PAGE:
Mike, who is the youngest child, drove a Rambler to Junior High School. “I was 14 years old and took a lot of grief for driving that car,” recalls Mike. “It was a two-door hardtop and had a 290 cubic inch V-8 in it. Up until that time, I was into bicycles but that car changed my life. None of my high school friends were into cars like me.” Roger remembers, “A girl that I worked with at Morrells purchased it new. She sold it to one of our friend’s mother and we purchased it from her for $500.” Mike adds, “I remember dad telling me we were going to look at a car and from that day forward, I never looked back at pedal bikes. I still have this car – and will restore it someday.” Vonda adds, “We bought Michael his first tool kit when he was eight years old. After that, whenever Roger would go out to work on one of our cars, Michael would be there with him. He was Roger’s ‘gofer’.” “I remember dad doing all the oil changes and maintenance on the cars and I was always watching him,” recalls Mike. “Dad would tell me what size wrench or tool he needed and I would get it for him.” He continues, “The Rambler was the first car that I really worked on. I remember we had to put in a new water pump and we overhauled the engine later in 1988, when I was in high school. After graduation from high school, I went to college at Buena Vista College in Storm Lake. I drove the Rambler initially and later an orange 4-door ’76 Matador with a white top, which we called ‘the pumpkin car’. We could fit a lot of people in that car, which was great for college. The car ran good so I could count on it getting me back and forth to school. In 1992, dad found an Eagle SX4. It was a sporty car but needed a complete re-build. I liked the Eagle because it was 4-wheel drive. I would leave home at 10 PM and head back to Storm Lake and never got stuck in the snow. A friend of mine had a Jeep CJ and when it would blizzard, we would be the only ones out in the streets busting drifts. That was fun.”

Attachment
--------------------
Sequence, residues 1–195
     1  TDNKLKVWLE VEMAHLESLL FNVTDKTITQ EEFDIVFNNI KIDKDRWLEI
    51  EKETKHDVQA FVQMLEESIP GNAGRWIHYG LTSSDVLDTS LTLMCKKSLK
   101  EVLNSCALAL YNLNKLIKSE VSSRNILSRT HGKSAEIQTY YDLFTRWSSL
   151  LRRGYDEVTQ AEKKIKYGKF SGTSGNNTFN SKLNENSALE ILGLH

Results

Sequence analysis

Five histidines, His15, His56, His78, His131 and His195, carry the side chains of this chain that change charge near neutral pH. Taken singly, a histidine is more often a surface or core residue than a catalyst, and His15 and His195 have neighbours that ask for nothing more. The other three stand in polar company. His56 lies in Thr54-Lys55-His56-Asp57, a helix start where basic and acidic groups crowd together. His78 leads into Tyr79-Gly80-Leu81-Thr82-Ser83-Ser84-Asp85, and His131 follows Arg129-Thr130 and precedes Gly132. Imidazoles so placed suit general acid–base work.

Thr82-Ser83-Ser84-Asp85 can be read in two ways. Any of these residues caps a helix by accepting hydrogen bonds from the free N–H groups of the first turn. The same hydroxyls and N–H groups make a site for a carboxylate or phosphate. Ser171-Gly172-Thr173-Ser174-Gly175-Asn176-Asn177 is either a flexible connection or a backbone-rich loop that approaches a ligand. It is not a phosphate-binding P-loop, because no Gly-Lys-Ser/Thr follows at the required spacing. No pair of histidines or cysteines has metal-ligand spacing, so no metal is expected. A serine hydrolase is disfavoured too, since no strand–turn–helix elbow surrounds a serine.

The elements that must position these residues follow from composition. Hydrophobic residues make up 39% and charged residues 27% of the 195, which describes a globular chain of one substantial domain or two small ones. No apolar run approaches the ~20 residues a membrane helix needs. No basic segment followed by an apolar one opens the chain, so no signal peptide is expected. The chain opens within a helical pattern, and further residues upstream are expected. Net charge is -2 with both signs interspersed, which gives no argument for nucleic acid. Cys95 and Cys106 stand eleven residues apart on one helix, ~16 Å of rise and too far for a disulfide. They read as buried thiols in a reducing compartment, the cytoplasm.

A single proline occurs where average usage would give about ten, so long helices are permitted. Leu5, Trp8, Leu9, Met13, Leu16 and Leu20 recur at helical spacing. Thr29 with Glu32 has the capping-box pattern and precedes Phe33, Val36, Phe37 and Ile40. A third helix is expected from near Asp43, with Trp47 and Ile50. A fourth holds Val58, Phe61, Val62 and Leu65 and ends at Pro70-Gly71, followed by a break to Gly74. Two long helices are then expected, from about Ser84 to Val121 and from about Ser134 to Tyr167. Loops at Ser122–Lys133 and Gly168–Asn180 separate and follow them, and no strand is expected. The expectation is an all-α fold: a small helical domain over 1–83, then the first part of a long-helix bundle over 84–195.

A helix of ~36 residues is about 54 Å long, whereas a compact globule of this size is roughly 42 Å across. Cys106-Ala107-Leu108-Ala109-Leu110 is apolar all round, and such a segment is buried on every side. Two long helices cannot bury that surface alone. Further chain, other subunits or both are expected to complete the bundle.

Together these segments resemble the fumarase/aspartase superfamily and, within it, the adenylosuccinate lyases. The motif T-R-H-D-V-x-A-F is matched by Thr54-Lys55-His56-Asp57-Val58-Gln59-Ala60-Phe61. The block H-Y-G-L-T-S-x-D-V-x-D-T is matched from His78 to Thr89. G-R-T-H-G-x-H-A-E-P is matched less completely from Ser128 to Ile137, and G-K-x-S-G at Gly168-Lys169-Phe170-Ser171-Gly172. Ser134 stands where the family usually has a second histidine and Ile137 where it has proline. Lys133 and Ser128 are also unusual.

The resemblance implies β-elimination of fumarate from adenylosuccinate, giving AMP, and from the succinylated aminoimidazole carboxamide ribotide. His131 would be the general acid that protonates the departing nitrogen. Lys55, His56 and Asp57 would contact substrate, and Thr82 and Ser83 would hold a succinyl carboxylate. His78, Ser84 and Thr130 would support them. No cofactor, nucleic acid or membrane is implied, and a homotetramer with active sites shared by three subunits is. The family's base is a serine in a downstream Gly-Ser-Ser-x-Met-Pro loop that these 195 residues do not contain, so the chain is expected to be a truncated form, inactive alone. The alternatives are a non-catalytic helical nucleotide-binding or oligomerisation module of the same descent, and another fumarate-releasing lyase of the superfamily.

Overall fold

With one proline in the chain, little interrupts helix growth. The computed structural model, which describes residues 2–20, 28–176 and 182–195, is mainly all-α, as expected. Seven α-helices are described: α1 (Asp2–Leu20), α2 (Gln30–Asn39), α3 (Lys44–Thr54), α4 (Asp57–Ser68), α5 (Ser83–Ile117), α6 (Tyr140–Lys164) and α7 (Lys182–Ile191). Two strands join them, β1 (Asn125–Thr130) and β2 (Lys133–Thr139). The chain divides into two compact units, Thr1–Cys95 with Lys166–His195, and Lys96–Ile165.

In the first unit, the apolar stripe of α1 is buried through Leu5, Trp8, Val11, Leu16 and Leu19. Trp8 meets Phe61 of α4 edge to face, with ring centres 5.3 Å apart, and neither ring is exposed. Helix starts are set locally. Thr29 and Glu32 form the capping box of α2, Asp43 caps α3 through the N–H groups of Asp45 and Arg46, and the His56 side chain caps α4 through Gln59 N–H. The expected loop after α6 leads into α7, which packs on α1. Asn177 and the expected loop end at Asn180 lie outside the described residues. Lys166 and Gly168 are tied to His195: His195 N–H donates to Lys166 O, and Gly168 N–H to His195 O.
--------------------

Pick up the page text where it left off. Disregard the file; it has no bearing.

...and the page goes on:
Mike graduated in 1993 with a degree in business management and took at job in Storm Lake for a year and a half as a sales clerk for Bomgaars. “I was home most weekends helping dad work on cars so I thought I would move back. I started working for Campbell Supply on East 10th Street and purchased a house not too far from dad’s house so I could work on the cars. I would go to work during the day, come over here, change clothes and work on cars till 9 PM. I would do that almost every day. In 2003, I married my wife, Karen. We have two children: a boy, Jacob and girl, Kari. My wife picked our son’s name so I got to choose our daughter’s name. She accuses me now of naming her after a car (car e’).”